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If I have the function $e^x$, I know that Mathematica can expand it using

Series[Exp[x],{x,0,3}]

However, let's say that I have the function, $1+x+x^2/2+x^3/6$. Is there a way for me to input this function into Mathematica and have it tell me that it corresponds to the series of $e^x$?

If there is, can Mathematica do the same thing for more complicated series and tell me that it is, for example, a product of two different functions?

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  • $\begingroup$ Have you seen Sum[]? $\endgroup$ Aug 11, 2016 at 18:08
  • $\begingroup$ It would have to recognise the pattern. This short sequence really isn't enough to say with certainty that it refers specifically to $\frac{x^n}{n!}$ $\endgroup$
    – Feyre
    Aug 11, 2016 at 18:14
  • $\begingroup$ @J.M. Sum would work, but wouldn't I need to recognize the pattern first? For simple functions, this wouldn't be too bad, but when I work with more complicated functions in multiple variables, it could get tricky. $\endgroup$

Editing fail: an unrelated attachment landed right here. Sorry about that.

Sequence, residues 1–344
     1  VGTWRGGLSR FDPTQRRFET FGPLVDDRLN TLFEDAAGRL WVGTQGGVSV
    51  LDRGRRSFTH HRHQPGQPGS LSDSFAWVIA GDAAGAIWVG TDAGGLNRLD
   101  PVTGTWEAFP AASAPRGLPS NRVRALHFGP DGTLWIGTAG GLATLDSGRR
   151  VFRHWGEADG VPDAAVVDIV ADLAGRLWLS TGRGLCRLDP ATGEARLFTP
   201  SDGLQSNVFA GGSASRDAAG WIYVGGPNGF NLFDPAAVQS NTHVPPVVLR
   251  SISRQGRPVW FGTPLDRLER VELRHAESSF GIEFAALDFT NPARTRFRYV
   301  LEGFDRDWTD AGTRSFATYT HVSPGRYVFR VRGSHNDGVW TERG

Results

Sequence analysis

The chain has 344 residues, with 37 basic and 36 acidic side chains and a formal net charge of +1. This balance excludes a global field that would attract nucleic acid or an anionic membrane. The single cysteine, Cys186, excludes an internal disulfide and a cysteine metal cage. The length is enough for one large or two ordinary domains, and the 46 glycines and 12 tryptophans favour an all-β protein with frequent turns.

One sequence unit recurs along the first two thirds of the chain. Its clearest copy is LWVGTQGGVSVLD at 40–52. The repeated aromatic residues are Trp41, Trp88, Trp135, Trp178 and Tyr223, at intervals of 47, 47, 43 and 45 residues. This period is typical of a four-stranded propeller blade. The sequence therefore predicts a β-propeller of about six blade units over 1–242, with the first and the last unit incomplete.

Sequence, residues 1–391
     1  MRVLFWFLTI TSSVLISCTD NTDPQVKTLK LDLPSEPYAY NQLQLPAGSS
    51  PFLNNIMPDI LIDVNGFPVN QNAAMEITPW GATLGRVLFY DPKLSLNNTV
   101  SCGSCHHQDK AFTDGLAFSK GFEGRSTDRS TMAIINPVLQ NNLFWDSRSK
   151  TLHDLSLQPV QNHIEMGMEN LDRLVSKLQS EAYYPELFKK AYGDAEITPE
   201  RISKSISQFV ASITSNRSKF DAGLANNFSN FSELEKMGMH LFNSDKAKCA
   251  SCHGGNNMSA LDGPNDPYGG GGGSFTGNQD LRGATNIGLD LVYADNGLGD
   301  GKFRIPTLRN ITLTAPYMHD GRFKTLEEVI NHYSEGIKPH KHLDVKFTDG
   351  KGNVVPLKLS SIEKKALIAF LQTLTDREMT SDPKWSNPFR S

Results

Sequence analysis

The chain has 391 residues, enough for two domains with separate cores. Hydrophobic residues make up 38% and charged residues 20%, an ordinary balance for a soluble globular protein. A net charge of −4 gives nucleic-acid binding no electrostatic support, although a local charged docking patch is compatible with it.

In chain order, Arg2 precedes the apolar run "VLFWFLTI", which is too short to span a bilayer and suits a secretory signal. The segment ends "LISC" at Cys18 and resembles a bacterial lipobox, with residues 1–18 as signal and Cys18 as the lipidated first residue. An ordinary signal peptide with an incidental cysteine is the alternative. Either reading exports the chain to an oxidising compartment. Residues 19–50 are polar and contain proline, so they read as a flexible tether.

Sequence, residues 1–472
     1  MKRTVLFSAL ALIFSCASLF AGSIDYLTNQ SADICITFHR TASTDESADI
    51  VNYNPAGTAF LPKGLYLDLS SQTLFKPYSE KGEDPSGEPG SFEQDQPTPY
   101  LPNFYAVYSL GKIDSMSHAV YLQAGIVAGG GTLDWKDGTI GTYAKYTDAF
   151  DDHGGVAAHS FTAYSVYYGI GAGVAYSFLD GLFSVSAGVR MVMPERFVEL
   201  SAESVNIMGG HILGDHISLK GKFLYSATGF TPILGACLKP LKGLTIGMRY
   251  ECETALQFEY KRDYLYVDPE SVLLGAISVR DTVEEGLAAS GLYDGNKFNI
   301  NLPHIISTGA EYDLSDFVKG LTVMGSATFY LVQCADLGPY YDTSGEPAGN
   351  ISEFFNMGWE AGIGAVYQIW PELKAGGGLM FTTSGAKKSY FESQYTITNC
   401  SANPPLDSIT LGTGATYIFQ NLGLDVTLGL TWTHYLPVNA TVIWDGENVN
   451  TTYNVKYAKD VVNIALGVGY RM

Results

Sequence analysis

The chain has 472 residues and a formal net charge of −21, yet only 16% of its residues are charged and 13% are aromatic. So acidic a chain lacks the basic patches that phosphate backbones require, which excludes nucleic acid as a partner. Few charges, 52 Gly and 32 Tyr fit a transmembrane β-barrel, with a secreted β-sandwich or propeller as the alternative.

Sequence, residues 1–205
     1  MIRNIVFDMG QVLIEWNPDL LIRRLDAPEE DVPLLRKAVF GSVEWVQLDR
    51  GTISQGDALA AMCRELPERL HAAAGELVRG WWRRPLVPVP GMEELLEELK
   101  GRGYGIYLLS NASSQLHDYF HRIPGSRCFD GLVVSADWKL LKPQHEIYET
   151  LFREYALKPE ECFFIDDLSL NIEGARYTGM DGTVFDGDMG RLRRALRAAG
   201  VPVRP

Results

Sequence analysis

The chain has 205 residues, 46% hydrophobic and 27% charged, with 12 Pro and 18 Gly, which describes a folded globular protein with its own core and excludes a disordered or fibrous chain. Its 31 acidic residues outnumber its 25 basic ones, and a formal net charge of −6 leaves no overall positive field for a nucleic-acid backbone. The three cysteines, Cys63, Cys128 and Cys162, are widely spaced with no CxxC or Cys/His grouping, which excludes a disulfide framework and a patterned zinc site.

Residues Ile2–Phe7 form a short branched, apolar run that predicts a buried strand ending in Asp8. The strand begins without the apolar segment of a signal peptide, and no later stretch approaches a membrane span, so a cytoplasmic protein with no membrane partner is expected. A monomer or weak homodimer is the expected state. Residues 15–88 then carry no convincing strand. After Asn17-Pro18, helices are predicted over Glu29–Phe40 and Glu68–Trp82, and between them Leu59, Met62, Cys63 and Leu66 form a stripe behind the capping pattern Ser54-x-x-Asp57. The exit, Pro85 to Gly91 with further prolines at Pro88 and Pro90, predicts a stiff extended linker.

– user85503
    Aug 11, 2016 at 18:19
  • $\begingroup$ @Feyre If I had a longer sequence (maybe 100 or a 1000 terms), would Mathematica then recognize the pattern? $\endgroup$
    – user85503
    Aug 11, 2016 at 18:20
  • $\begingroup$ As Feyre notes, you should also realize that just because you know the first few terms of a (Taylor, Fourier, Laurent, Puiseux, etc.) series does not mean you can easily recover the original function that produced them. You have to have determined some pattern… in any event, FindSequenceFunction[] may be of interest. $\endgroup$ Aug 11, 2016 at 18:22

1 Answer 1

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You need at least one more term for this specific example

expr = 1 + x + x^2/2 + x^3/6 + x^4/24;

seq = List @@ expr

(*  {1, x, x^2/2, x^3/6, x^4/24}  *)

t[n_] = FindSequenceFunction[seq, n]

(*  x^(-1 + n)/Pochhammer[1, -1 + n]  *)

Sum[t[n], {n, 1, Infinity}]

(*  E^x  *)
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